It's easy enough to throw some steaks on the grill, but if you're really into grilling, you just bought your first smoker, or you're a longtime barbecue obsessive, it's worth looking around for some inspiration beyond the basics, and some tips for upping your barbecue game. Here are a few books we love to get you through grilling season.
Peace, Love, and Barbecue by Mike Mills and Amy Mills Tunnicliffe
"I can't say enough about Peace, Love, and Barbecue by the father-daughter team of Mike and Amy Mills of 17th Street Bar and Grill. Although many years old now, it came out just as I decided to buy my first smoker, and quickly became my bible in learning the ropes in creating excellent barbecue. A mixture of recipes from a man simply known as "The Legend," and stories of the pitmasters who helped shape our nation of barbecue, this is a must read for cookers or barbecue fans alike. The table of proper temperatures for barbecue meats in the back is worth its weight in gold alone."—Joshua Bousel, Grilling Columnist
Wicked Good Barbecue by Andy Husband and Chris Hart, with Andrea Pyenson
"This book, Wicked Good Barbecue: Fearless Recipes from Two Damn Yankees Who Have Won the Biggest, Baddest BBQ Competition in the World hit the shelves this winter, just when I decided to take up competition barbecue. Written by Andy Husbands and Chris Hart of the immensely successful IQue barbecue team, this is the first barbecue book that I've seen that doesn't hold back the secrets of what it takes to make award-winning 'cue. The recipes go in depth, showing all the steps, timing, and temperatures needed to churn out meats that have the deep flavor profiles and strong presentation that win competitions.
But that's just the beginning—this book goes way deeper, branching out into the territory of pig ear terrine, duck pastrami, and other unique recipes. I also have to give a shout out to my buddy Ken Goodman for the photography, which makes this book as mouthwatering as it is informative."—Joshua Bousel, Grilling Columnist
Grill It! by Chris Schlesinger and John "Doc" Willoughby
"Chris Schlesinger's East Coast Grill is a Cambridge institution, and Doc Willoughby's got the technical know-how to write a first-rate, real science-based cooking manual. Combine Chris' restaurant flair and Doc's brains, and you've got a grilling guide to reckon with."—J. Kenji Lopez-Alt, Chief Creative Officer
Seven Fires by Francis Mallmann
"Francis Mallmann's Seven Fires takes the primal love of fire to a whole new level. The Argentine chef has penned a unique volume devoted to the art and craft of cooking over a wood fire. The flavors that come along with charring are Mallman's passion. Mallman's seven fires are made up of the following cooking methods:
- Parilla: A cast iron barbecue grate set over hot coals, such as a hibachi or kettle grill.
- Chapa: A flat piece of cast iron set over a fire. Similar to a griddle.
- Infiernillo: Two fires with a cooking level between them. Literally translated to "small inferno."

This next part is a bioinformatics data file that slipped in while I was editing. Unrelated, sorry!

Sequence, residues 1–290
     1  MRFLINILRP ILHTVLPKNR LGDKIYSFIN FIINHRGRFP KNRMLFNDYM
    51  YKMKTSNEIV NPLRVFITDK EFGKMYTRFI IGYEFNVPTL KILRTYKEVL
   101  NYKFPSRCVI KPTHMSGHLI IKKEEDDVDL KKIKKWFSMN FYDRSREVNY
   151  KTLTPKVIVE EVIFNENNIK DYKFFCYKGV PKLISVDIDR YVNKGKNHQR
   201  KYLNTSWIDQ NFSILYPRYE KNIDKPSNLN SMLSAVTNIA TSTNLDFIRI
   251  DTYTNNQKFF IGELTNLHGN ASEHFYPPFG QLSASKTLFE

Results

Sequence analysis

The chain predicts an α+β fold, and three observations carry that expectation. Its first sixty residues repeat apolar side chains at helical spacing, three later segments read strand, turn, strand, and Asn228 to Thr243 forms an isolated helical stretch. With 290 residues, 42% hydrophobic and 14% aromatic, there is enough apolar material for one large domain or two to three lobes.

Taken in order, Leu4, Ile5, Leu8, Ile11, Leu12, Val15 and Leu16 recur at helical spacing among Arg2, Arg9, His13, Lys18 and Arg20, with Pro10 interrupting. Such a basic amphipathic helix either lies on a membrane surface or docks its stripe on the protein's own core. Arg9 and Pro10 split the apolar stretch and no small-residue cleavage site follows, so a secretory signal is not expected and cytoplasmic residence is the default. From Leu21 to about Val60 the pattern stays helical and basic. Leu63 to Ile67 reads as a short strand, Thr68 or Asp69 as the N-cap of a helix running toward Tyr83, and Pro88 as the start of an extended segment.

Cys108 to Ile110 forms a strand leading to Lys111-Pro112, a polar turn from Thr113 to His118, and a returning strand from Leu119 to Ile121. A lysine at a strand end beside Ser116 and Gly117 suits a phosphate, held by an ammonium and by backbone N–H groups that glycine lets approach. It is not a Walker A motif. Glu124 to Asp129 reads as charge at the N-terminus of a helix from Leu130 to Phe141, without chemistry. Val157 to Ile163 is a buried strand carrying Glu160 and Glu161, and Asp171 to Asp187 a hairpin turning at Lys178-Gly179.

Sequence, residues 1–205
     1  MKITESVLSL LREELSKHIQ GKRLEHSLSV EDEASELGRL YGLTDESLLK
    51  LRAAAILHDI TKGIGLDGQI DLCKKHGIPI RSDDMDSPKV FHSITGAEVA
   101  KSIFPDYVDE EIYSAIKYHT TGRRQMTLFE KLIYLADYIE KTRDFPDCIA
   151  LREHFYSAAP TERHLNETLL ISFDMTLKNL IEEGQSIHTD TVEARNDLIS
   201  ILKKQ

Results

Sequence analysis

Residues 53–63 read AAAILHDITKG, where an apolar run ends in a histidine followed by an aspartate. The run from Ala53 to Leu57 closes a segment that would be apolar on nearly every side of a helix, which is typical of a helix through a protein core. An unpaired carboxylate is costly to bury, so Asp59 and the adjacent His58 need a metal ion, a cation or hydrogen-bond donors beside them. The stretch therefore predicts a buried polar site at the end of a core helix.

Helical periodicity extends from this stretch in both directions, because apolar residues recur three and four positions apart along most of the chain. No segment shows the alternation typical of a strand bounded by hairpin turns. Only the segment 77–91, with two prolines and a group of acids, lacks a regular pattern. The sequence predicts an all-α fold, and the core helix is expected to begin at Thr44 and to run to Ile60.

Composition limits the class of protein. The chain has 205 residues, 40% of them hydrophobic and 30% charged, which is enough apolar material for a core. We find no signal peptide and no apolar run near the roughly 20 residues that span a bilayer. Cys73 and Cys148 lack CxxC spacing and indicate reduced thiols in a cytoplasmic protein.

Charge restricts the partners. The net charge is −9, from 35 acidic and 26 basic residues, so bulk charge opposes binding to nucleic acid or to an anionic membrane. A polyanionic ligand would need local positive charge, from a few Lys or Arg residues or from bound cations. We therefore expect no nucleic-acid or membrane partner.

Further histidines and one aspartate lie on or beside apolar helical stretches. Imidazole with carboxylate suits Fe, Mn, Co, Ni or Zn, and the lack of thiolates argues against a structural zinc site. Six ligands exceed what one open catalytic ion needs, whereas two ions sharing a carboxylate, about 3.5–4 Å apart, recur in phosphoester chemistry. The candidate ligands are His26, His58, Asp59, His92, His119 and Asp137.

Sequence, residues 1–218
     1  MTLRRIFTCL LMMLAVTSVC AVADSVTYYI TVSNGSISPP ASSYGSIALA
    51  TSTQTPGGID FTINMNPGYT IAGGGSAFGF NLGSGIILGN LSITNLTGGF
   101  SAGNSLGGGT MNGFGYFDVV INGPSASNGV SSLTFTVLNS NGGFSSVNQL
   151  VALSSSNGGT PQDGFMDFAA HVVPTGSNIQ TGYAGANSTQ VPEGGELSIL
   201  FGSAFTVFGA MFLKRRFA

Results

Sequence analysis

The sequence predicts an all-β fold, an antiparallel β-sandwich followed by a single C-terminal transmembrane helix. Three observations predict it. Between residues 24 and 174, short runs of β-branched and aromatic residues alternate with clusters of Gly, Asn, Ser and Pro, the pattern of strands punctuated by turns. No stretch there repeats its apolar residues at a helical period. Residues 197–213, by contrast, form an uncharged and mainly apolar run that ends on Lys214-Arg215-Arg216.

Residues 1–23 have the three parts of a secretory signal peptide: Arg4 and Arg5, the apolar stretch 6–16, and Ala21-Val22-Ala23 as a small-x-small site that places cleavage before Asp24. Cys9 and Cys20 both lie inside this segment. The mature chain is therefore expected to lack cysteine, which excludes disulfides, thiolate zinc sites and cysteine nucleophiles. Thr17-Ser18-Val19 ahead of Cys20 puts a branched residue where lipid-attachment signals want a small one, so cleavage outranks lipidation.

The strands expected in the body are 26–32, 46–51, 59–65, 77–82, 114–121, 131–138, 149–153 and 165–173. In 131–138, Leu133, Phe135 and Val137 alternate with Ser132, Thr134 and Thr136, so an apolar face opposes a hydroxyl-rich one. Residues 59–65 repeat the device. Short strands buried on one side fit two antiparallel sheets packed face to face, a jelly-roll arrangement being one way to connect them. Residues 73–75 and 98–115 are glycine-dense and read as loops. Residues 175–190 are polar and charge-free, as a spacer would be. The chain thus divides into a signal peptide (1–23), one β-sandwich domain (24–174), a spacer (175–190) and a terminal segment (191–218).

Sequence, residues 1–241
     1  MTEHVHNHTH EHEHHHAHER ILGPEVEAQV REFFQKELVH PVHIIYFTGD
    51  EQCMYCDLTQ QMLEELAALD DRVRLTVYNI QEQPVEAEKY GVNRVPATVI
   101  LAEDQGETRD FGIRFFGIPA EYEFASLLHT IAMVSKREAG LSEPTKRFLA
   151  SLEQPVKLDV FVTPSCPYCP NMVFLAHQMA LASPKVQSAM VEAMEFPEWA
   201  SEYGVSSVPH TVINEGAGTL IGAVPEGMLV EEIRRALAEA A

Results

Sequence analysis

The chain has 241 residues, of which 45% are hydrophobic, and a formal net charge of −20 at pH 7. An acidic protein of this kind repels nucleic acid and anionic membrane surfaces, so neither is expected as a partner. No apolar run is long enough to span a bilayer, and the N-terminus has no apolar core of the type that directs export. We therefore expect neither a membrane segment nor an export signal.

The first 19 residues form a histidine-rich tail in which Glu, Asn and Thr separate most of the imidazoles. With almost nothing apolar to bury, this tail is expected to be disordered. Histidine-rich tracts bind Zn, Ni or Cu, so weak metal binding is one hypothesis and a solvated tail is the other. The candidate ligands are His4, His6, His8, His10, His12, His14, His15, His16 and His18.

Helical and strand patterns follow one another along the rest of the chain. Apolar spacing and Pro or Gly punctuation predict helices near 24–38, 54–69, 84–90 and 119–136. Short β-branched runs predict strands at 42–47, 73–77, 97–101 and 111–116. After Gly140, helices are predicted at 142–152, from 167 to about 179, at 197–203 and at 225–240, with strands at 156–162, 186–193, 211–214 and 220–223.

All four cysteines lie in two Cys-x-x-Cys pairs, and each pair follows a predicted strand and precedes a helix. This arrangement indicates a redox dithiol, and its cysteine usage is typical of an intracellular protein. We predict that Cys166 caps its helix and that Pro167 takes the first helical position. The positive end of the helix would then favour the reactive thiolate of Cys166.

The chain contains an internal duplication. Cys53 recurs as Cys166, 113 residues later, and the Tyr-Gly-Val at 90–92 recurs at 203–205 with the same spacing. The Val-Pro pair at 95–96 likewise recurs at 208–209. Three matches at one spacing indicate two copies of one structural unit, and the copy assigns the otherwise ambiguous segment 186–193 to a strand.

- Horno de Barro: A wood-fired oven
- Rescoldo: A method of cooking by covering the ingredients with hot embers and warm ashes.
- Asador: A method of cooking whole animals, typically pig, goat, and lamb, which are butterflied and fastened with wires to an iron cross with two cross pieces.
- Caldero: A large cast iron kettle or Dutch oven.
Through wood-fired grilling Mallman explores the diverse cuisine of Argentina which has been influenced by both Europe and Native South America. Don't worry if you're not about to go and break out the welding gear and dig a fire pit in your back yard—Mallman offers smaller scale options for all of the recipes in this book."—Caroline Russock, Cook the Book
Smokestack Lightning: Adventures in the Heart of Barbecue Country by Lolis Eric Elie
"Driving from one side of the country to the other, our heroes—a Louisiana writer and a Memphis-raised, New York-based photographer—explore the roots, manifestations and impact of barbecue as part of American culture. One chapter focuses on the visceral narration of pit-smoked barbacoa. Another reaches deeply into formative years on the south side of Chicago. Another documents Juneteenth, a reverent and raucous relic of an independence day for black America. The complete collection of tales is simmering long form: vibrant in its respect for regional character, tactful in its blend of observation and rumination, and honest in its conclusions about the journey. Smokestack Lightning is a book that cannot be recreated or grafted, and as a piece of storytelling it stands head and shoulders above its peers in the "barbecue" section."—James Boo, Barbecue columnist
Barbecue: The History of an American Institution by Robert F. Moss
"Documenting its subject from pre-Republic times to the present day, Barbecue: The History of an American Institution draws on ten years of food research to highlight intersecting narratives in the history of the United States. It's an accessible foray into culinary evolution with a journalist's sense of style—in his scholarly approach to smoked meats, Moss replaces the repetitive talking points of television, magazines and lesser books with an engrossing set of stories. If you've ever wanted to know why American barbecue matters, this book is nothing short of essential."—James Boo, Barbecue columnist
Tell Us Your Picks!
We've shared our favorites, now tell us yours. What books do you turn to for grilling and barbecue inspiration?
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